About this Research Topic
Fluid flow in evolving porous rocks, fracture networks and granular media is subject to considerable current interdisciplinary research activity in Physics, Earth Sciences and Engineering. Examples of natural and engineered processes include hydrocarbon recovery, carbon dioxide geo-sequestration, soil drying/wetting, pollution remediation, soil liquefaction, landslides, dynamics of wet or dry granular media, dynamics of faulting or friction, volcanic eruptions, gas venting in sediments, ore deposit development and radioactive waste disposal. Hydrodynamic flow instabilities and pore scale disorder typically result in complex flow patterning. In transforming media, additional mechanisms come into play: Compaction/de-compaction, erosion, segregation and fracturing lead to local changes in permeability over time. Dissolution, precipitation and chemical reactions between solutes and solid may gradually alter the composition and structure of the solid matrix, either creating or destroying permeable paths for fluid flow. A complex, dynamic feedback thus arises where, on the one hand, the fluid flow affects the characteristics of the solid medium, and on the other hand the changing medium influences the fluid flow. Such feedbacks between flow of fluids and the media in which they flow are important in both slowly deforming porous media such as hydrocarbon reservoirs and aquifers, and in very rapidly evolving porous/granular media such as liquefying soils or rapidly flowing grain-fluid mixtures in debris flows.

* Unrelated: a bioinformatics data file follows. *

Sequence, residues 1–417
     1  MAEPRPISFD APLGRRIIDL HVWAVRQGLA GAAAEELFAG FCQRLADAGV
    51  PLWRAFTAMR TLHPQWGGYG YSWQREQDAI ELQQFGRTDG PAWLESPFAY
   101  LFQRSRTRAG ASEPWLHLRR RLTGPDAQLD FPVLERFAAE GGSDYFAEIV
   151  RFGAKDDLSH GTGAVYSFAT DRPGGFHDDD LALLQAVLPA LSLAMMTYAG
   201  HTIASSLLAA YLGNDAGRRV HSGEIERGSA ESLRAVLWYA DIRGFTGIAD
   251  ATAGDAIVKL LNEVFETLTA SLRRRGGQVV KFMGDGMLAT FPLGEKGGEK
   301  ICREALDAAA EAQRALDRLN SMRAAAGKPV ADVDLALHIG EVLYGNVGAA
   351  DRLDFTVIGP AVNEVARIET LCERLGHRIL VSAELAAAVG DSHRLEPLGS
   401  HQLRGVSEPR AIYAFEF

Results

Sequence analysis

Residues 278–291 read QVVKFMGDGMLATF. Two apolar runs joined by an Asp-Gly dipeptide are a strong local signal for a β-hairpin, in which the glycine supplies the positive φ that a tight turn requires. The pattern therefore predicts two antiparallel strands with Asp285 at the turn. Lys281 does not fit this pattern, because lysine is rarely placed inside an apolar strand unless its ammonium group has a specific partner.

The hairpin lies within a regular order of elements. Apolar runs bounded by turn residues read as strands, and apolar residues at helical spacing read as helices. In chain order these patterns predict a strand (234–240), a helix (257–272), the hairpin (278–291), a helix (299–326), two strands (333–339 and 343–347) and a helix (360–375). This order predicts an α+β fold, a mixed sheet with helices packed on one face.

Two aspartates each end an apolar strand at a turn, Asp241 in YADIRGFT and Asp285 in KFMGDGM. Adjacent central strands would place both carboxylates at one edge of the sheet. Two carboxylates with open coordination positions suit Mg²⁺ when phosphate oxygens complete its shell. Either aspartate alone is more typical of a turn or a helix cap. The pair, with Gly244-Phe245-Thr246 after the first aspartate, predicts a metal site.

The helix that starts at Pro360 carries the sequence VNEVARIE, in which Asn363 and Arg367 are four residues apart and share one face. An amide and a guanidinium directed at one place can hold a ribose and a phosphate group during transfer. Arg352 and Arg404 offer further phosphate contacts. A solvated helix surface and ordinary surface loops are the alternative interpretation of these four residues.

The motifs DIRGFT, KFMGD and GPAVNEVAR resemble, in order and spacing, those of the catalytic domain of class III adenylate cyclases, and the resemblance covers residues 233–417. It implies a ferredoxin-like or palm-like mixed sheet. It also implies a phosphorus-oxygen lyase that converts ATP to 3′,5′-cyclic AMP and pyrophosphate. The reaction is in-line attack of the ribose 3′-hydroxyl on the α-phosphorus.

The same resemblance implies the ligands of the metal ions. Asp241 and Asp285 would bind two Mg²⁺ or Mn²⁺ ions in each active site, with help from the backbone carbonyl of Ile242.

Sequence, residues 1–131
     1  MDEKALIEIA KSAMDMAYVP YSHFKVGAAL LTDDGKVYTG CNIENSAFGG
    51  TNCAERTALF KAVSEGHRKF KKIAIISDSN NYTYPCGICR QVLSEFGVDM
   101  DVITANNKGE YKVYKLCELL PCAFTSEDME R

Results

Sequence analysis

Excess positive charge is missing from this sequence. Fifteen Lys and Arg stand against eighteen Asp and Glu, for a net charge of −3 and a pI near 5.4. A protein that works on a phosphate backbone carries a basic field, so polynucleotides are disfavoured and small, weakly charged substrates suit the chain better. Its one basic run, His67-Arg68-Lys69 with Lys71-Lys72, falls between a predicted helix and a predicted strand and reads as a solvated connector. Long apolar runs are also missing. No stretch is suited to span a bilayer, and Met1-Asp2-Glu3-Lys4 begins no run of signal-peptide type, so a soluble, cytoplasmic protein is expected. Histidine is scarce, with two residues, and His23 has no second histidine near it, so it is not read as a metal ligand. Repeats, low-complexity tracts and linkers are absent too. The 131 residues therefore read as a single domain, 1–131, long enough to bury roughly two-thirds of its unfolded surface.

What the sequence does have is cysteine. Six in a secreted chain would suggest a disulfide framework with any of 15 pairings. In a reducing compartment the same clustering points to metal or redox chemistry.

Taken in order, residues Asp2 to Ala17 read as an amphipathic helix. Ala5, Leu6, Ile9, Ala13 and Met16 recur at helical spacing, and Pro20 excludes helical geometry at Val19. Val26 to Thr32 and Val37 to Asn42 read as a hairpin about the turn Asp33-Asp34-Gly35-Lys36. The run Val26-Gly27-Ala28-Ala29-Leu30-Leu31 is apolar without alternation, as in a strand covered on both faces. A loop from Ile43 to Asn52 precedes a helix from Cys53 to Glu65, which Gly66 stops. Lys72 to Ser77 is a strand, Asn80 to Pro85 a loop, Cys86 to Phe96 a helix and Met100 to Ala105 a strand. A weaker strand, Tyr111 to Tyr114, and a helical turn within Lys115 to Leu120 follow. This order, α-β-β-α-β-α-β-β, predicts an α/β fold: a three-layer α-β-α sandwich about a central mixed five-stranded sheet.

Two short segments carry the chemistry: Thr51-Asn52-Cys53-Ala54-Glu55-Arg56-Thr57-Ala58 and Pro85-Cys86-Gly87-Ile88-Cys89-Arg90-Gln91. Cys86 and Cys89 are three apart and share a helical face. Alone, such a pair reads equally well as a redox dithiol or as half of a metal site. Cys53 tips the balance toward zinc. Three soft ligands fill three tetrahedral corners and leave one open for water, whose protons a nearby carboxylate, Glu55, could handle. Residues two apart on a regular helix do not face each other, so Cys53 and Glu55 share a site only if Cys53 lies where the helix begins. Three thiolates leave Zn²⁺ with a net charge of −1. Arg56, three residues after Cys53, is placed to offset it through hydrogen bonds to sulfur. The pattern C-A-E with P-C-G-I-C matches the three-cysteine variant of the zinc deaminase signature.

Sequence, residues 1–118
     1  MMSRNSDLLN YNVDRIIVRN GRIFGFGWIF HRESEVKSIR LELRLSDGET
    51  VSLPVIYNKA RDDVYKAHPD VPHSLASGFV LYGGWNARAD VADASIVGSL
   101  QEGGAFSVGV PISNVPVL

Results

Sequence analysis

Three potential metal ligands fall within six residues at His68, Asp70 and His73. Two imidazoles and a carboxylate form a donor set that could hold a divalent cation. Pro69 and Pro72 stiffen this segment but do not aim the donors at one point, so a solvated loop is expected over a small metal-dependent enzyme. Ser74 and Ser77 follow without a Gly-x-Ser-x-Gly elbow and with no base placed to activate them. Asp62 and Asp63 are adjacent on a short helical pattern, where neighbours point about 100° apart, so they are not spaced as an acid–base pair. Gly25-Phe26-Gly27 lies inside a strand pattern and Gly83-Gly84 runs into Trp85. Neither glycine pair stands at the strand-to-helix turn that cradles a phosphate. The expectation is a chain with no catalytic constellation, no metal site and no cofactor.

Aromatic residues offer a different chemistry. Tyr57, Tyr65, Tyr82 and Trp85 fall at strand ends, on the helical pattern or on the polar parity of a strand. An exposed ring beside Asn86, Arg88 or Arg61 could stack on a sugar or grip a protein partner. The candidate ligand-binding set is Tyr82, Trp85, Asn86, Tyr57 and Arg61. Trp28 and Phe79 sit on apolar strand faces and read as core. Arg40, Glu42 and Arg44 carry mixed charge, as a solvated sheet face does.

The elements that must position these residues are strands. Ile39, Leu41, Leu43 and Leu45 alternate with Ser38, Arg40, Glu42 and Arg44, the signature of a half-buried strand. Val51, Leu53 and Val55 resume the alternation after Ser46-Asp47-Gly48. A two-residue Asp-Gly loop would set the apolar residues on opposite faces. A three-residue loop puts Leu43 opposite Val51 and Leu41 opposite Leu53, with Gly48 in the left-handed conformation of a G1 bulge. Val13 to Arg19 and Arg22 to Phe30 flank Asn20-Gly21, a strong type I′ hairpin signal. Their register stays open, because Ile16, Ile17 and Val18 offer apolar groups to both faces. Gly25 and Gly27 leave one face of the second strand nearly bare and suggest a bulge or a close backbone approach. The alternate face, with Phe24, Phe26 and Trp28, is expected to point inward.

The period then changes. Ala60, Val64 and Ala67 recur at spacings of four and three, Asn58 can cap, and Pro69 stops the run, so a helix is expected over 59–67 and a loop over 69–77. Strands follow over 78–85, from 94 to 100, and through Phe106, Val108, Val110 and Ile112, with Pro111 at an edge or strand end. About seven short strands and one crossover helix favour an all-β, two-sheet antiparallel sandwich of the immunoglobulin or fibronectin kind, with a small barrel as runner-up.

In this Research Topic, we aim to gather and review the research community’s accomplishments to date on the topic of flow and transformation in porous/granular media, as well as present original research illustrating the depth and breadth of ongoing work in this diverse and interdisciplinary field. We also welcome contributions outlining perspectives for future work and opportunities in this area.
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